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THE STAR AND LAMP theme of Japanese song its shops, Isezaki-cke and vicinity been the story. and and tea-houses with its theatres, In Tokyo, the tourist becomes 'joints.' acquainted with the jinrikisha well An eighteen mile ride over the nly known as the "richcommo or pioneer railway of the country shaw," the two-wheeled cart in brings the traveler to Tokyo, the which the natives haul one about Here capital of the Empire. for a moderate fee. It is the most things Japanese are found in their comfortable riding of all of the typical perfection. Japanese civiOriental vehicles. The "richshaw.' lization is seen epitomized in this is universal, goes everywhere, is city of two million souls. With the always at hand, and exceedingly Imperial Palace and its beautiful table for short excursions. grounds in the center, guarded by comfor chair of Hong Kong is sedan The a moat, the city contains many at- too jiggly and makes one sea-sick. tractions. The Imperial Museum, The trams of the Orient go rockthe Zoological Garden, the Impera-by. The ticci gharry is a rural ial Library, the Academy of Music mail-wagon de luxe. Me for the and Fine Arts, the numerous "rickshaw." theatres and agora of Naka-Dori, It was at Nikko that Sir Edwin parallel to the main thorough-fare, , famous poet and traveler, Arnold of with its wonderful collections days that proved of many spent many the of are curios and wares, to literature. Every profit lasting points of interest. Uyeno Parrh r with his writfamilia is who one of s ground is the chief pleasure this mountain refor longs the city. Here are to be seen the ings b says, prover se Japane A treat. great tombs and temples of the can not Nikko, seen not has "Who is east the to Shoguns. A mile ul it beautif And ul." beautif Asakausa, with its wonderful say up g Nestlin words. beyond is temple of Kwannon. Just beyond the ins, mounta d pinecla across the river, where are held against the scenery of its surthe university regattas, is the superb natural the magnificent and ngs roundi Nearby Coney Island of Japan. s, Nikko is Shogun the of at the Temple of Ekoin are held shrines Nearby is ed. renown wide worldfor the great wrestling matches ii. On Chuzenj Lake ul which Japan is famous. Shiba the beautif r resumme r popula a is shore its Park, a mile south of the Imperial Palace, contains many famous sort. Kaniakiira is fifty minutes' ride Buddhist temples. We visited Yokohama. The Japanese from when g Shiba in the bright mornin popular resort aside the delicate beauty of its Oriental know it is a us attractions. Here religio its from prt work is best apparent. The bronze statue of Temple of Sengakuji is the burial is the great tsu," an image "Diabu a, Buddli place of the famous Forty-seven feet high with eyes of Ronins, whose vendetta has long about fifty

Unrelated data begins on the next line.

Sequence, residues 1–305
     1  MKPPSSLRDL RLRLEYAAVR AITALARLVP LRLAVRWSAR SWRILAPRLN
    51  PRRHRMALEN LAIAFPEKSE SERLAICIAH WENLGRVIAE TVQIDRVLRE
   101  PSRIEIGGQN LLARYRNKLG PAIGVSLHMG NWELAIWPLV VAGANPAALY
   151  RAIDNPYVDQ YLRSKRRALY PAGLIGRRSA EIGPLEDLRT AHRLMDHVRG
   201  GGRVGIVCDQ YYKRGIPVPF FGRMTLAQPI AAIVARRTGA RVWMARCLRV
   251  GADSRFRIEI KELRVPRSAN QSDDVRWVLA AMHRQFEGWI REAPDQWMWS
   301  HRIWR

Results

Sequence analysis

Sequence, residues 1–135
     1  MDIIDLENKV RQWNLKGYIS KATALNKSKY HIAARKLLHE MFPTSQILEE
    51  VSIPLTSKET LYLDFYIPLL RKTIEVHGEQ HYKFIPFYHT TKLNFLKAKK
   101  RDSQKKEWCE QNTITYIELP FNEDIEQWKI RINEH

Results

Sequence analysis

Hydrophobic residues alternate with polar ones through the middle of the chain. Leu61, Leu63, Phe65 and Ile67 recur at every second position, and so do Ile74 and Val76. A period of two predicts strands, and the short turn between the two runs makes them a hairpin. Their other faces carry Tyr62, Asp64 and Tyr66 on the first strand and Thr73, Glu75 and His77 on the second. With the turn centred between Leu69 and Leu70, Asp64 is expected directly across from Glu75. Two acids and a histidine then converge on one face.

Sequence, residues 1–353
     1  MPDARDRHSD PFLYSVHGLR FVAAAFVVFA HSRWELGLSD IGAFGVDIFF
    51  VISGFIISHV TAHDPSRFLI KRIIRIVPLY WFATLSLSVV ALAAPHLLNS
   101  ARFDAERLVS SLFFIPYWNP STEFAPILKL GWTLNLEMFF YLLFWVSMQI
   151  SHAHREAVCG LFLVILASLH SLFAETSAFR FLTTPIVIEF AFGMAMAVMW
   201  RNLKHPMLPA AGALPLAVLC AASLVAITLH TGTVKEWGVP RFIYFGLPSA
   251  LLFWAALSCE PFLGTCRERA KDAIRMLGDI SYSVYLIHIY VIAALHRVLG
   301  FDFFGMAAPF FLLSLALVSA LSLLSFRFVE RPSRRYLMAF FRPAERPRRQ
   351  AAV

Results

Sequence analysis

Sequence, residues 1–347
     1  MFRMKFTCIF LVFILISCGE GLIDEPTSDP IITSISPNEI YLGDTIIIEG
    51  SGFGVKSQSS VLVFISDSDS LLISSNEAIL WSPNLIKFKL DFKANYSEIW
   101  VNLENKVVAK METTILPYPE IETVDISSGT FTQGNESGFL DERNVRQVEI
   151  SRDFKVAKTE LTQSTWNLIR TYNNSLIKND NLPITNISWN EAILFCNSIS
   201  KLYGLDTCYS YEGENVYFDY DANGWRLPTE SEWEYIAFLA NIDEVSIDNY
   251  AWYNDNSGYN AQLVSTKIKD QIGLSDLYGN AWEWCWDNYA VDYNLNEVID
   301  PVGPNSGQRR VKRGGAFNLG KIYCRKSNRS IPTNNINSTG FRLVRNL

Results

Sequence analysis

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ON TIIE ROAD TO MANDALAY gold. The sensualism of the face, the coarse lips, the veiled eyes fascinate and disgust. But the rich decorations about the statue and the priceless treasures in the temple adjoining are the source of increasing pleasure to the aestheticist. Enoshima Island lies near Kamakura. The drive along the coast between the two places is very picturesque. Leaving Yokohama and sailing westward the ship hugs the coast. The rugged, forest covered mountains remind one of the Palisades on the Hudson. Sacred Fugi,yama, 12,365 feet high, floats phantomlike on the sea of silver clouds. Its Stu:4y peak glistens like the petals of a lotus flower. The trip thru the Inland Sea resembles, but far surpasses, the trip down the St. Lawrence among the Thousand Islands. The Inland Sea, a fairyland of islands, temples and trees, possesses a charm that even the pictureque Lafcadio Hearn's polished language failed to fitly depict. Here is Japan in all her pristine beauty. There are many islands here where the foot of white man has never trod. The sea has a length of 240 miles. At points the picturesque shores lie so Closely near each other that a pebble can be thrown over the deep running water. Islands and islets rise out of its clear depths. Now a barren, rugged rock launching a bold defiance toward the elements. Then some beautiful oval with its green terraces, winding walks and shady groves. At the end of this sea is Naga-